Deplatforming and Free Speech
Because fediverse instances are managed individually, moderation is largely left to the owner of the server you’re using or interacting with. When you use someone’s network, the owner is granting you access to share your thoughts through their server - it isn’t an inherent right, and it can be taken away. However, this largely depends on the views of the owner, and most will try to contact users to come to an agreement before enforcing an outright ban.
This is a very political topic but, in my experience, arguments for free speech are generally not really arguing for “free speech”. They’re arguing to restrict the power of people who own social instances to control the content that their network shares and promotes. When you join a fediverse instance - or rather, any social network - you submit yourself to the judgement of its owner for whose content you can see and which instances you can interact with. It’s okay for people to share their opinions, but it’s also well within the right of social instances to refuse to accept them. Disallowing this would mean creating a social network without a “block” button - it would mean creating a law to prevent people from covering their ears while you scream about conspiracy theories over corn subsidies.
FLOSS levels the “free speech” playing field because the code - speech - can be modified and redistributed freely with no special benefits or harms for the originating developer nor for the forking developer. In this context, the cries of “violating free speech” are laughably lazy; an unhappy user can fork it and have their speech - code - compete fairly. It isn’t censorship of the user, because once more the user - who has developer-like capabilities in the FLOSS world - can fork and compete on a level playing field.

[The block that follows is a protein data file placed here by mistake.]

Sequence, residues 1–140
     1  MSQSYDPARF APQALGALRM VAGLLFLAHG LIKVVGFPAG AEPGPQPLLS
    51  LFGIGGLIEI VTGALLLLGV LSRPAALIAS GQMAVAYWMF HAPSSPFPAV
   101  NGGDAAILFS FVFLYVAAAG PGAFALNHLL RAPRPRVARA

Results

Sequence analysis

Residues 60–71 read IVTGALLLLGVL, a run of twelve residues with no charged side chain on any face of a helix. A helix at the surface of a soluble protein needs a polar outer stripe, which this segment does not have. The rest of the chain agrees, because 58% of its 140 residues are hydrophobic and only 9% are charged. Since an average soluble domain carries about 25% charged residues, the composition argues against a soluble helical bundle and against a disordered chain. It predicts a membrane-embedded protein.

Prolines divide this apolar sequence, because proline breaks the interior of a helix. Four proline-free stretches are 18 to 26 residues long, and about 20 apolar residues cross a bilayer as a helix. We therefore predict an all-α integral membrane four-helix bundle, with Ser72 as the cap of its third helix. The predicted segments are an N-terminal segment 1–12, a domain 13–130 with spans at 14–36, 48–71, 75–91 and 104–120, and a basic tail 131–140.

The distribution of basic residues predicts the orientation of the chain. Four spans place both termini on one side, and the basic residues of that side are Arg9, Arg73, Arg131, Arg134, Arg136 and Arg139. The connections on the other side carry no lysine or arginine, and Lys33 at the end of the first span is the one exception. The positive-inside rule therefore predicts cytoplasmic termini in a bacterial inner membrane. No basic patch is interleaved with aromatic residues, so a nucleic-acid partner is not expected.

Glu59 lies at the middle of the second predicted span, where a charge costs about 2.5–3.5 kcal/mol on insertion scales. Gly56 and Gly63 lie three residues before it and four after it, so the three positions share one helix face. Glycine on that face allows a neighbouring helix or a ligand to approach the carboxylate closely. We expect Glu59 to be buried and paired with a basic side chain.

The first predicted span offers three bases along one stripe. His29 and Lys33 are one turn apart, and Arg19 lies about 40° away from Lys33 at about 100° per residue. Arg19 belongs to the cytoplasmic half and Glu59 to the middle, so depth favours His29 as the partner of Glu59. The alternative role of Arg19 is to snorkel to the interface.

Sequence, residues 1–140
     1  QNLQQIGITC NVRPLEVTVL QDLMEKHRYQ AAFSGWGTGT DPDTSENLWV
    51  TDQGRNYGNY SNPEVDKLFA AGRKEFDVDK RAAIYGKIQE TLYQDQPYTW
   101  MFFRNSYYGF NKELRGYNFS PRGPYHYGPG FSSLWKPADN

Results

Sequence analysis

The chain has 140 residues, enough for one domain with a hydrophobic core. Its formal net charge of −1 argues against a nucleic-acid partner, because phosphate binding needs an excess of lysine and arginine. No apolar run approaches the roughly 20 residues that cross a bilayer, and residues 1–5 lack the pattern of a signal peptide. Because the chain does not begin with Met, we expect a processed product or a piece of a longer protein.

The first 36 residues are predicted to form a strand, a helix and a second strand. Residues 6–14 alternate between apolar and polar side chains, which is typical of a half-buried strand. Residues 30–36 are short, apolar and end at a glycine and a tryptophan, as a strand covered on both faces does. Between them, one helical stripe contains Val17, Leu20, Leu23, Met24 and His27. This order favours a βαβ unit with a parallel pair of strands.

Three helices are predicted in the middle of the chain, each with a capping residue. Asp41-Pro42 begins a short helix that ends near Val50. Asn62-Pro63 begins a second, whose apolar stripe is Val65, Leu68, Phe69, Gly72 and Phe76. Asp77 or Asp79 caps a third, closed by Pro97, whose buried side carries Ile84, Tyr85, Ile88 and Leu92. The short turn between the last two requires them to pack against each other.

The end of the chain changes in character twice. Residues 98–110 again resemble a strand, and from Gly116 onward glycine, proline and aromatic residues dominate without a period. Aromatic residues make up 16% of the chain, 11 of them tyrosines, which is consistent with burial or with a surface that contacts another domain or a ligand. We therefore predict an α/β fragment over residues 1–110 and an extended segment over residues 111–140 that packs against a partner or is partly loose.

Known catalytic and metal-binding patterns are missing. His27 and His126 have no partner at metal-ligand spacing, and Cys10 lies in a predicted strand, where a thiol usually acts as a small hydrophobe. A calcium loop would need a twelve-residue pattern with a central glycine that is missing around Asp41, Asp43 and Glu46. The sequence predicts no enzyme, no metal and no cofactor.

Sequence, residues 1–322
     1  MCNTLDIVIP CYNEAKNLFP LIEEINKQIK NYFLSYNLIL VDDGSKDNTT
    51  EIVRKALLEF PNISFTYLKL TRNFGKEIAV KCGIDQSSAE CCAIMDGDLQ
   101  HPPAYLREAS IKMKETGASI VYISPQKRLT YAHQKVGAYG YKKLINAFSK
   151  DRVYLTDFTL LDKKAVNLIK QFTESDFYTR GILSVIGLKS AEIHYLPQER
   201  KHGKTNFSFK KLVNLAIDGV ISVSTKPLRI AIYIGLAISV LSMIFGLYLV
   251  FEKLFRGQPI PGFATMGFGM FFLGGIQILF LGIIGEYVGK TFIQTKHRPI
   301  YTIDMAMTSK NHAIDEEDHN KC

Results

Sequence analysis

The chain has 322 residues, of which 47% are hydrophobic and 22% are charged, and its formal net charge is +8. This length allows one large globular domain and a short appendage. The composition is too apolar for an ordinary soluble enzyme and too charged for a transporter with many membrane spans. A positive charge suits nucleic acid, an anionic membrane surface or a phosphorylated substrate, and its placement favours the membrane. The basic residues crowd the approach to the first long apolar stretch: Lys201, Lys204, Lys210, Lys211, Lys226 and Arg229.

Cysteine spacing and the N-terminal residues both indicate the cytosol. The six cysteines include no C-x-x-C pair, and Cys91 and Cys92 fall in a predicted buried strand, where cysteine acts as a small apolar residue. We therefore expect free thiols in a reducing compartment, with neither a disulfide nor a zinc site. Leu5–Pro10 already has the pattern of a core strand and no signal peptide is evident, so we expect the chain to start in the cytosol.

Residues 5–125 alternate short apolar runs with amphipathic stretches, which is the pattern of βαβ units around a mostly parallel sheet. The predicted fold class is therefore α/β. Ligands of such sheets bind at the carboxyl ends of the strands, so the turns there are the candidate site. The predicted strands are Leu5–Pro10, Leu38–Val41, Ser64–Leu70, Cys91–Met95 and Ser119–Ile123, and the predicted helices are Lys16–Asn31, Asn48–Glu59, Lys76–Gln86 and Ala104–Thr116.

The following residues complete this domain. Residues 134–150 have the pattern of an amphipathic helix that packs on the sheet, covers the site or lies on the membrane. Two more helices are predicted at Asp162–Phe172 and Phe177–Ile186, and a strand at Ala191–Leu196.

- @email@example.com, cjslep.com
This point is relevant because of issues that much of the fediverse community had with Gab creating their own Mastodon instance and beginning to federate with other servers. I won’t go over all of the controversy, but the gist is that many Mastodon instances and other developers refused to federate with Gab because of their political association, sparking massive backlash from Gab’s community complaining that Mastodon was “Deplatforming” them and “infringing on their right to free speech”. Most of these arguments were based on the idea that the Mastodon project shouldn’t be allowed to assert their political standing, and that social networks are some kind of public-domain service that everyone deserves an equal share in. To people that think this, I respond: your right to free speech is not a right to free audience. You decide what comes out of your mouth, and I decide whether or not I have to listen to it. Being banned from one social network doesn’t duct tape your mouth shut, won’t prevent you from using the internet, and certainly isn’t a human rights violation. But I digress…